Whatever the outcome, the firms who attended the Great Pension Debate and others will, in the main, continue to do the right thing by their clients. But it is important to note that in organising this event, Al Rush has provided a great example of advisers going above and beyond, and seeking to influence the pensions profession in a positive way.

Alistair Cunningham is director of Wingate Financial Planning

Recommended

17

DB transfers: Half of advisers use contingent charging

A survey of advisers has revealed that half still charge on a contingent basis for defined benefit pension transfers. A poll conducted by AJ Bell shows that 50 per cent of advisers conducting DB transfers are getting clients to pay for them by paying a percentage of the transfer value, and only receive payment if […]

Pound-Sterling-GBP-Money-Currency-Andrew-Michaels-700x450.jpg

Graphic content – May; UK economic data has finally turned for the worse

In June 2016, immediately before the Brexit referendum, a curious thing happened. Despite the colossal uncertainty facing the UK, economic data actually started to come in above consensus forecasts. Citi’s economic surprise index nudged into positive territory, which meant that UK economic data had on the whole outperformed consensus forecasts over the prior three months. […]

Newsletter

News and expert analysis straight to your inbox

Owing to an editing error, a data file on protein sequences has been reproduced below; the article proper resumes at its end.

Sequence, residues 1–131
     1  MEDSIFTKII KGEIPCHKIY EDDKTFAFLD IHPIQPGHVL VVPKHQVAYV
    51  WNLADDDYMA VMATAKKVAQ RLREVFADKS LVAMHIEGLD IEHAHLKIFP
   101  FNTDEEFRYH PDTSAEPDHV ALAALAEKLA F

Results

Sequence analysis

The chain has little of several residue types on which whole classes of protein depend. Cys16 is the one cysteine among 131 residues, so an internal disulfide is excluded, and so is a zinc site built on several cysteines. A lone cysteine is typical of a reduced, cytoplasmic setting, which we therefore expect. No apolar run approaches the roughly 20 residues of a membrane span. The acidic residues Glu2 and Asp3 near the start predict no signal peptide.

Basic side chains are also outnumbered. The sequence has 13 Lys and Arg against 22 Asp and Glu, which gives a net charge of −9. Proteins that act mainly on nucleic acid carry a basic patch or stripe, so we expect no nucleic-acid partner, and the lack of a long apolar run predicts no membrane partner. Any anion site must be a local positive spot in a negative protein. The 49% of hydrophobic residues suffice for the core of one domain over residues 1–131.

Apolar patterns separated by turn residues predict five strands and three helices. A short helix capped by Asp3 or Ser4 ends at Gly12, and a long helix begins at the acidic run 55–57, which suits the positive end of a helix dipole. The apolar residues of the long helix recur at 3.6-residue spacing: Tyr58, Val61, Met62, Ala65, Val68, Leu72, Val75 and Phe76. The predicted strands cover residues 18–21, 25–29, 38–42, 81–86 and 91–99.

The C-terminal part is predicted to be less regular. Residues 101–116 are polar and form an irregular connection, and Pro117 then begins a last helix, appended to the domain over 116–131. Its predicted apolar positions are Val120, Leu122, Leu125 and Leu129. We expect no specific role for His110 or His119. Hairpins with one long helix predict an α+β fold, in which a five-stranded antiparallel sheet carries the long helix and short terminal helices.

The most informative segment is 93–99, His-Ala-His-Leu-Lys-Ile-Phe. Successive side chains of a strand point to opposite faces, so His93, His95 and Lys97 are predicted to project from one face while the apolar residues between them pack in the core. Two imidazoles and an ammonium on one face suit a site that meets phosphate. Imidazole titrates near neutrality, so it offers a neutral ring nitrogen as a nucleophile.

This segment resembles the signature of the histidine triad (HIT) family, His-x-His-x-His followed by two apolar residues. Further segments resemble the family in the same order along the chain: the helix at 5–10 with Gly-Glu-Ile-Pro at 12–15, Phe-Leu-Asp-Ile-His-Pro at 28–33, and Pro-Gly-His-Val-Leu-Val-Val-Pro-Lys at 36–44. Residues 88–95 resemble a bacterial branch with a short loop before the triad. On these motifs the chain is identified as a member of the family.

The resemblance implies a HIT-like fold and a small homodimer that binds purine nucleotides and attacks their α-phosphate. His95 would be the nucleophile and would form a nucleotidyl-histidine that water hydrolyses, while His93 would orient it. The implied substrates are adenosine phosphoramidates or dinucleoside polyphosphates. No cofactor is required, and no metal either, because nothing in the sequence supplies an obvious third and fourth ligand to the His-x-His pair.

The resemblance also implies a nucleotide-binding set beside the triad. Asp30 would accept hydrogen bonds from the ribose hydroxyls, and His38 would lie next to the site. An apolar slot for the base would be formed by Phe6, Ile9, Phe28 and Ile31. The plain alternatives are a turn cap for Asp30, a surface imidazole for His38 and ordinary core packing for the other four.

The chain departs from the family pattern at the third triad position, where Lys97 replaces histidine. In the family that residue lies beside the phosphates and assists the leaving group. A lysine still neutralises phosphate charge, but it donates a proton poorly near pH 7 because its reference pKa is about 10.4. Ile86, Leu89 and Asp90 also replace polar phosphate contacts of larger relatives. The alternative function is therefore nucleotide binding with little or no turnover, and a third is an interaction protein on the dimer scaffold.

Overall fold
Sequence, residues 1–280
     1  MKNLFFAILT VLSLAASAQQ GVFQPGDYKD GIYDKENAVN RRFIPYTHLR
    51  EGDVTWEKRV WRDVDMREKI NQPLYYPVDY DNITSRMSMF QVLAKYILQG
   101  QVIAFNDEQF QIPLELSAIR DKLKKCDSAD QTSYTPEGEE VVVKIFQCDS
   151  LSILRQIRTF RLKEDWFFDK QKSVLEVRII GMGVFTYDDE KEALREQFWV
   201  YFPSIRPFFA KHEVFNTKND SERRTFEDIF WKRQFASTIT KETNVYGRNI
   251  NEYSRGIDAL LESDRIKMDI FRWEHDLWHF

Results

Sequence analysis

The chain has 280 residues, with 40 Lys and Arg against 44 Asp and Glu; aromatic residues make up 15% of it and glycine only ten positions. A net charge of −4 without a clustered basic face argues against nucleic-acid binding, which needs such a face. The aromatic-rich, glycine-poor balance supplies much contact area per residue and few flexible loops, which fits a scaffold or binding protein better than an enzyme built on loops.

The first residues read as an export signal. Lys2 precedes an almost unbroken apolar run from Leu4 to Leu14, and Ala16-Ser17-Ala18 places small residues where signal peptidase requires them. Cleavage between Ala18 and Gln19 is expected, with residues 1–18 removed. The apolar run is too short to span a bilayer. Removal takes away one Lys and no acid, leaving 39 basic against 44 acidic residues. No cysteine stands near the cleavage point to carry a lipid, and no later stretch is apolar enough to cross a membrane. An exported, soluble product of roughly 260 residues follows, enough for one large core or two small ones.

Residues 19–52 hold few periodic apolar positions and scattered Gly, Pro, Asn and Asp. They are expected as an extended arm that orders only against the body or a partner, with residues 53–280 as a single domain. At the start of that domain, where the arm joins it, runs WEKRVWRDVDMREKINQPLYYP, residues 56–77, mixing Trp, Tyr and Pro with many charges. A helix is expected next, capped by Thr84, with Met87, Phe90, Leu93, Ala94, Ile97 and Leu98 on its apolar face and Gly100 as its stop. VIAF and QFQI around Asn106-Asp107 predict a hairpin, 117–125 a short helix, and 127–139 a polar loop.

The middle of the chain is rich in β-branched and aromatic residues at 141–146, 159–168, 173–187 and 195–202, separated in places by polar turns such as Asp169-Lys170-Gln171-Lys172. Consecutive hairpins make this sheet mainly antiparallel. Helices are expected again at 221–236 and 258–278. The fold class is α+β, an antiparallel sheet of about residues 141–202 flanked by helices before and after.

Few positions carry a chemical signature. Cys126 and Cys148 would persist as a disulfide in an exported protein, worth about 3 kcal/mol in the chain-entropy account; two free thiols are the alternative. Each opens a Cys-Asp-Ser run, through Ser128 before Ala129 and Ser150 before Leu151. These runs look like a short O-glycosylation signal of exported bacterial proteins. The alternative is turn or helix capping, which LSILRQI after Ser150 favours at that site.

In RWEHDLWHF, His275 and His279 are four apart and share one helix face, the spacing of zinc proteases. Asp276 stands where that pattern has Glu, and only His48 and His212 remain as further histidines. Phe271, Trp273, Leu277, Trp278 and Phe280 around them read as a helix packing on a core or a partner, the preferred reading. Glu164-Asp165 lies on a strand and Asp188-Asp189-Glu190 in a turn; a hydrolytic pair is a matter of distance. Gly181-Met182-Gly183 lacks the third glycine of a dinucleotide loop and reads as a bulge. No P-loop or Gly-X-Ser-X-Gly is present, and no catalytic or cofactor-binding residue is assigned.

Sign up

Comments

There are 4 comments at the moment, we would love to hear your opinion too.

  1. I happen to disagree with the FCA stance as nobody knows whether retaining or transferring out of a DB scheme is the right thing to do until the research has been done and the Client objectives understood.
    What do I know? Govt, allows people to gamble up to £50,000 in Premium Bonds on the basis that people think there money is ‘safe’. I feel sorry for anyone who has not won anything much for 10 years and where inflation has eaten into the capital value.
    The FCA should start to look at the so called ‘safe’ cash investments that are now being badly damaged by inflation (2.9%?) due to the greed of the relevant provider. (incl NS&I)

  2. Terry Mullender 21st June 2017 at 7:47 am

    Not guarantees Alistair, promises. Promises that may not come to fruition if the sponsoring employer fails, or if the legislation around revaluation and escalation of deferred pension benefits changes as it surely has to.

  3. I too share Alistair’s concern over the 25% of transfers going overseas, although some will of course be good advise where the individual is perhaps a foreign national who has returned home (e.g. US citizen) or a Brit who has decided to retire to certain countries (e.g. Australia).

    • Christopher Lean 21st June 2017 at 8:43 pm

      I have concerns about those advised to transfer to places like Malta, while US resident. The IRS do not treat this as a rollover and if there are no foreign tax credits, there could be tax charged. This is nothing to do with the OTC mentioned in the Budget.

Leave a comment